The ETF follows an SEC registered index, which is fully transparent, so the fund can’t be tinkered with — only simple the simple rules applies.

Why It Works For Me

What ever your investment strategy is, it needs to be simple, systematic (related: I don’t give a fuck because I’m a systematic investor), and work for your risk profile. I hate market drawdowns. I’ve never sat through a bad one like 08/09 where equities seen over 50% loss, but a 10-15% makes me uncomfortable enough to know I don’t want to go there. The empirical evidence behind the trend following strategies I invest in shows I will avoid these drawdown. I’m well aware their could be some black swan hidden out there, but trend following pleasantly avoided the 2 worst drawdowns on record (1929 and 08/09).

With trend following I know I will lose a bit on the upside when the markets are ripping up like they were in the dotcom bubble, and are today. That’s fine with me. I’m cool with some underperformance. I’m fine with losing out to the market, a little bit. I think of it like insurance. The momentum gives a me a good shot at outperformance which I believe is robust. Both the momentum and trend movements with the markets fill my craving to react to market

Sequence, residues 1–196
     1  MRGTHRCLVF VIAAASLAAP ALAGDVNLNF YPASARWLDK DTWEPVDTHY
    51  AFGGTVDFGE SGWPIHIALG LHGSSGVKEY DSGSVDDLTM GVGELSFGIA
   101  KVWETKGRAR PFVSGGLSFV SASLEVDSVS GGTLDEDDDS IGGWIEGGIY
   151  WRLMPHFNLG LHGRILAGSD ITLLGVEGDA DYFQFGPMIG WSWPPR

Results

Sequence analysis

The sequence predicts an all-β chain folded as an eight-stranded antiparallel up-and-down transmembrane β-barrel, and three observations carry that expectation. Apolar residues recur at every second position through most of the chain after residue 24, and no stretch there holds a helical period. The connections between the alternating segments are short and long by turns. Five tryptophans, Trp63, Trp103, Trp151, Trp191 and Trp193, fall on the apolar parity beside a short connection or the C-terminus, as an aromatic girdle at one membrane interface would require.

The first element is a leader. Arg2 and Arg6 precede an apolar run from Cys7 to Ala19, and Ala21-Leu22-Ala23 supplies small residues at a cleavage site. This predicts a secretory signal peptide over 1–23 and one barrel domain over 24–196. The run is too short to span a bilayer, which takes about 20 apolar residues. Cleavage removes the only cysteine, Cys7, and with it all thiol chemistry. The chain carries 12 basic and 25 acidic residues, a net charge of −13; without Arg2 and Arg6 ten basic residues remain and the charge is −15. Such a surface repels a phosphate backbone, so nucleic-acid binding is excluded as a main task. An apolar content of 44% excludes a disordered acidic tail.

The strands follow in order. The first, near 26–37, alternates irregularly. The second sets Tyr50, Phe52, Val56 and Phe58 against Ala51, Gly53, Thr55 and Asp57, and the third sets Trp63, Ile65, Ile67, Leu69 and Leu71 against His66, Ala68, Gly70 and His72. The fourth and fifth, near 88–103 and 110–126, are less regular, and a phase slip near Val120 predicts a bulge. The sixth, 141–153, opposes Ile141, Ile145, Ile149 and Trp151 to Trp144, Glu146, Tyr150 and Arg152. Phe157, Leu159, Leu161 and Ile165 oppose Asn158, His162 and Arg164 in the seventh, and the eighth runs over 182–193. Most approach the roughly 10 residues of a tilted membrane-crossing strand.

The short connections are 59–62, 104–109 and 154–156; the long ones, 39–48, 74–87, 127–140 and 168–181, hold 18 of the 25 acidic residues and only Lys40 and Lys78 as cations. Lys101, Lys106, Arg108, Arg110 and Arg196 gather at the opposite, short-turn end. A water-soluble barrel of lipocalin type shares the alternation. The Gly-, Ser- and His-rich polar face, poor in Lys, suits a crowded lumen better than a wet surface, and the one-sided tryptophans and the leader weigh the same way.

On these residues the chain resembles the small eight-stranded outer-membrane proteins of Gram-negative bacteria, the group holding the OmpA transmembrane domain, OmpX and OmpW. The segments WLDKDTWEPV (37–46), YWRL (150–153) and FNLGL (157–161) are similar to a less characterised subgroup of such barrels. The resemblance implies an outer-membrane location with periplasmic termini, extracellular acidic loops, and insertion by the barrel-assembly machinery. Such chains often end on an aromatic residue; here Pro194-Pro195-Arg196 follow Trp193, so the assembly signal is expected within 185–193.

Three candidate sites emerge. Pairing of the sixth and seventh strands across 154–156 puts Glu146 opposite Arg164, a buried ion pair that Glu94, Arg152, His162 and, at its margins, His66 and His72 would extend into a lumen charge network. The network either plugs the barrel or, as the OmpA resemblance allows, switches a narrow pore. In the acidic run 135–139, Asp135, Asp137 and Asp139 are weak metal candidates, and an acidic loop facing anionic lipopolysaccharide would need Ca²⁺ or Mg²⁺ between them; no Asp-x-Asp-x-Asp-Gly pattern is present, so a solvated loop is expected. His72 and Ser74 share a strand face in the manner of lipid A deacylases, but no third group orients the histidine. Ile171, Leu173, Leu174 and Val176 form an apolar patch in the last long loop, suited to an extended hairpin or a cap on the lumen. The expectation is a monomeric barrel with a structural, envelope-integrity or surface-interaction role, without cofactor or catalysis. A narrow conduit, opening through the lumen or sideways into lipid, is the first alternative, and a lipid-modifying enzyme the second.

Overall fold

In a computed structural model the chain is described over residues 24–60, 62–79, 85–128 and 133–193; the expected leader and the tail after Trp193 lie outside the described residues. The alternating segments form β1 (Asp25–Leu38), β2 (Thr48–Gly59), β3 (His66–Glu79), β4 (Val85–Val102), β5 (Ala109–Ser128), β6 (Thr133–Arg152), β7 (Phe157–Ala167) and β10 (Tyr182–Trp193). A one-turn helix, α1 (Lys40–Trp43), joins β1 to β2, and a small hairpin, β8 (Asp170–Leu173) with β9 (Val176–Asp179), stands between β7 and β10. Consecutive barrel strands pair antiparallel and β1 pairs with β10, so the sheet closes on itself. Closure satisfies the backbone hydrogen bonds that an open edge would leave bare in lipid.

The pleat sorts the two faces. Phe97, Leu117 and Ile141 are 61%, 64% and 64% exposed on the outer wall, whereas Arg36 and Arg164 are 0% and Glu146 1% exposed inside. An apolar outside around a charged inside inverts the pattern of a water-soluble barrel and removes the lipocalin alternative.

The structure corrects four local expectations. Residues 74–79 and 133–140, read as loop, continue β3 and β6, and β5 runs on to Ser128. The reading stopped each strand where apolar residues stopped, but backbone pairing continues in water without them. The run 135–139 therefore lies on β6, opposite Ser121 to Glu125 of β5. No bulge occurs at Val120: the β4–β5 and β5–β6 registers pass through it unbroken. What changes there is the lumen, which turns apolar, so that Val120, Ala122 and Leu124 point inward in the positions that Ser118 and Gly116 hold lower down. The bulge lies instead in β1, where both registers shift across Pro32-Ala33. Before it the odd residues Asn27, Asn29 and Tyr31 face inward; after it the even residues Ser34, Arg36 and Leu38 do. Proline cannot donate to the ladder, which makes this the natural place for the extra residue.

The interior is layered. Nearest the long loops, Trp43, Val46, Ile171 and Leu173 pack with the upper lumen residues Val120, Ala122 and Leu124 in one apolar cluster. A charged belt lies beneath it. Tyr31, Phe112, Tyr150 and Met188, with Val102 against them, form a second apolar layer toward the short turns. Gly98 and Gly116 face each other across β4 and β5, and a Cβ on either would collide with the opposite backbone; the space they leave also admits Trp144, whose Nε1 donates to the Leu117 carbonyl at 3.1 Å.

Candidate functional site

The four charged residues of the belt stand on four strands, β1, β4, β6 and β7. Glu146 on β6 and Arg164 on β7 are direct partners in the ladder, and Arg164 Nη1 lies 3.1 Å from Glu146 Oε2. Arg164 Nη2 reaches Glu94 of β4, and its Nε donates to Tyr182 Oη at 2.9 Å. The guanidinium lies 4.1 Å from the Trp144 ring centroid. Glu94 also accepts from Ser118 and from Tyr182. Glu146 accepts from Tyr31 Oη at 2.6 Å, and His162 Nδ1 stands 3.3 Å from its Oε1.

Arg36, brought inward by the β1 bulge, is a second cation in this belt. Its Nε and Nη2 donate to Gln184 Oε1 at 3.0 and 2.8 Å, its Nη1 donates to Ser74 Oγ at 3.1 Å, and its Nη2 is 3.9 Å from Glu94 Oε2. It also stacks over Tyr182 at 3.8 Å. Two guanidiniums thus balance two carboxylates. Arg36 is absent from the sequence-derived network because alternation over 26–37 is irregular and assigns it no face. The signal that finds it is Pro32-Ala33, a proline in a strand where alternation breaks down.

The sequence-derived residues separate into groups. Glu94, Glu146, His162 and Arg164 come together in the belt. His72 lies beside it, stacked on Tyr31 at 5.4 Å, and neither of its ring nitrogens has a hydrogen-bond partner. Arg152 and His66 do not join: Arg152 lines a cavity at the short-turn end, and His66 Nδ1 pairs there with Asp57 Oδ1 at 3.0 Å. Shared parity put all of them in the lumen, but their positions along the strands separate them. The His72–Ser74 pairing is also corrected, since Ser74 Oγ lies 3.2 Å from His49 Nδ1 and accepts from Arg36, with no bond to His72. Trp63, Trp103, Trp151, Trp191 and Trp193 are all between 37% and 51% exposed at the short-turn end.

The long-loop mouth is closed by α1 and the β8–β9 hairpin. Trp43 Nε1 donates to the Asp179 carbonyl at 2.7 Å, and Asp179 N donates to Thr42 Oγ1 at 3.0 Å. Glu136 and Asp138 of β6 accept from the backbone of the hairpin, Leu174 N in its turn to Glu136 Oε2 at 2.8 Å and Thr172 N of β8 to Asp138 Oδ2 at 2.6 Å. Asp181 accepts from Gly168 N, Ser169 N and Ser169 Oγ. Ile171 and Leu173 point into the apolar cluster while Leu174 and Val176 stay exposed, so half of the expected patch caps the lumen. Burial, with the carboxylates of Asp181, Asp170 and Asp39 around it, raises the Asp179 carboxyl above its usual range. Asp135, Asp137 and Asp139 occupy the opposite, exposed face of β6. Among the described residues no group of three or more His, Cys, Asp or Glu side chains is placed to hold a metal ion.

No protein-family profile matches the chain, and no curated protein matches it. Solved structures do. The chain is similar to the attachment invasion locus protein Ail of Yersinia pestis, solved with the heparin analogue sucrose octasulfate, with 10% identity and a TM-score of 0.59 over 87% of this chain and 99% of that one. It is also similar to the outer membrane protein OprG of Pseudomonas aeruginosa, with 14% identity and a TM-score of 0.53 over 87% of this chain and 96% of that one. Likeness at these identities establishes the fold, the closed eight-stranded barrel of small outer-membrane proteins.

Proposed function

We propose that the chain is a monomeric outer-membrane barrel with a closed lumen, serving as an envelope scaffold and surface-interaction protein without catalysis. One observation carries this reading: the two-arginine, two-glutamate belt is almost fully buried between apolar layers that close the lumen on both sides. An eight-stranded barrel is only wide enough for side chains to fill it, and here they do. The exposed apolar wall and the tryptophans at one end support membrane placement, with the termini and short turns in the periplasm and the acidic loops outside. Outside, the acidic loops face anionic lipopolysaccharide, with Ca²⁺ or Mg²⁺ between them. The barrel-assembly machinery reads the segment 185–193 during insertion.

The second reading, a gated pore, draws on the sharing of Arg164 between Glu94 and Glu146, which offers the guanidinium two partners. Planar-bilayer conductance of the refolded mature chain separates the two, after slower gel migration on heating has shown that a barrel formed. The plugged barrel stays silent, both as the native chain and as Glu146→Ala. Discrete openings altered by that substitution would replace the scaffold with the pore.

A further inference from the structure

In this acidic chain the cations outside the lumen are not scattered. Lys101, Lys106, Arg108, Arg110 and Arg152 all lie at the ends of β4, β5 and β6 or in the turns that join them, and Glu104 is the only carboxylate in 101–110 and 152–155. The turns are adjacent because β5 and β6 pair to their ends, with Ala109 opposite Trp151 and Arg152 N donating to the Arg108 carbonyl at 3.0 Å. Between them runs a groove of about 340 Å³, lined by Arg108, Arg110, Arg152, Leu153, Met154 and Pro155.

Most importantly, these strategies keep me nearly fully invested at all times and comfortable. I don’t fear investing at the wrong time. I don’t keep money on the sidelines, I don’t fear a permanent market crash. Afterall there is no set rule that markets always go up, yet nearly all investors bank on a market premium existing. If things go Japan (the Nikkei 225 crashed in the late 80s and to this day has never recovered), I’m confident I’ll avoid that drop… If not i’ll just be in the same boat as all the passive investors.

Now back to my sister, and telling her to invest with Betterment…. If you don’t want to study investing and markets to understand why you have tracking error; If you might have a hard time; sticking to the strategy; If you can’t fathom trading every month; you’re probably going to do better with a passive investing option like Betterment. Hell passive investing could outperform everything I mention here. It’s a perfectly good investment, just not for me.

Founder of a home service / specialty trade contracting company (think patio's and deck) with a focus on customer experience. Quantitative investor. Data driven marketer. Runner.